The challenge is to build a bridge using the paper, which typically involves rolling up some of the paper into pillars. What’s great about this particular activity is that at the first it seems impossible, but seems so simple after it’s done. You can have a competition to see who can build the strongest bridge, or improve upon your own ideas to see if you can come up with a design that can hold more weight than your last.
Set yourself some guidelines for the challenge, for instance:
- The bridge must by 11 inches long (or the length of once piece of paper.)
- At least 2 pieces of paper must sit on top of the pillars (that makes it a bridge!) This also sets a limit on the amount of paper that can be used for the support pillars.
- The height of the pillars, thus how high the books must be off the ground, is 6 inches.
For a bonus challenge, set a time limit before the books (or other objects) are to be placed on top.
If you’re building bridges with classmates or friends, see which bridge design holds the most books. However, it can just be about seeing if everyone can complete the task and build a structure that can hold at least 3 books.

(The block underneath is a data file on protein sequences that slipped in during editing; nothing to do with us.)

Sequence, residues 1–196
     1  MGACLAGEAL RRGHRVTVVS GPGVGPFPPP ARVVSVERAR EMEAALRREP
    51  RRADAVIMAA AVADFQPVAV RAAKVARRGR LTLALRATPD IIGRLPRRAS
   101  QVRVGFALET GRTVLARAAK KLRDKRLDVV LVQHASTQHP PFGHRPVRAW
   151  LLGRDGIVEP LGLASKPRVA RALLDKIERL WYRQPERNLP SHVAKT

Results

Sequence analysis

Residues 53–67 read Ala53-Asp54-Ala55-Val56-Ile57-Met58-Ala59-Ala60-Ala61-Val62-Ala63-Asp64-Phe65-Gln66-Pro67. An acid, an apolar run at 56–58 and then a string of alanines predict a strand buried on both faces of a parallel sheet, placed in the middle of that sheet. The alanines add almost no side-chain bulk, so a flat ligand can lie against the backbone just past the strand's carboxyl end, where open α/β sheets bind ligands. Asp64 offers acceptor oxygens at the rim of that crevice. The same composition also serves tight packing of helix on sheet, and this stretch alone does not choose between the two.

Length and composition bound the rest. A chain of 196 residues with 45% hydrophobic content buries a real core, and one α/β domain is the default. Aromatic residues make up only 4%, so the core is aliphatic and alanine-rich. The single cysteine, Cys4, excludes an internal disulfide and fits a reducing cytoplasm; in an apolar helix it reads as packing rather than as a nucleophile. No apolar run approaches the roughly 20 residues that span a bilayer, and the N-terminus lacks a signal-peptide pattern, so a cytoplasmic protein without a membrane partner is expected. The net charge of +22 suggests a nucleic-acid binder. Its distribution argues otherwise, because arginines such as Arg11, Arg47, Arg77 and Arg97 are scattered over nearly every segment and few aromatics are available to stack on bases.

Everyone has made a paper airplane at some stage in their lives; it’s a fun activity for any child and with just a little tweak we can learn about data analysis as well as problem-solving.
Kids can experiment with different designs and see how changes affect how their airplane flies. As they experiment, they’re getting into some engineering and design concepts and learning cause and effect.
They are also using critical thinking skills to analyze how their plane flew, and how they can fold it differently to change how it flies. Did it fly straight, dip down too early, turn to one side? How can the design be changed to correct the issue?
All you will need is paper. (You could allow scissors, tape or glue, but the classic version is simply folded paper.)
You can compete with friends or classmates, or just experiment with different designs to see:
- Which paper airplane that goes the furthest
- Which paper airplane that stays in the air the longest
- Which paper airplane flies the straightest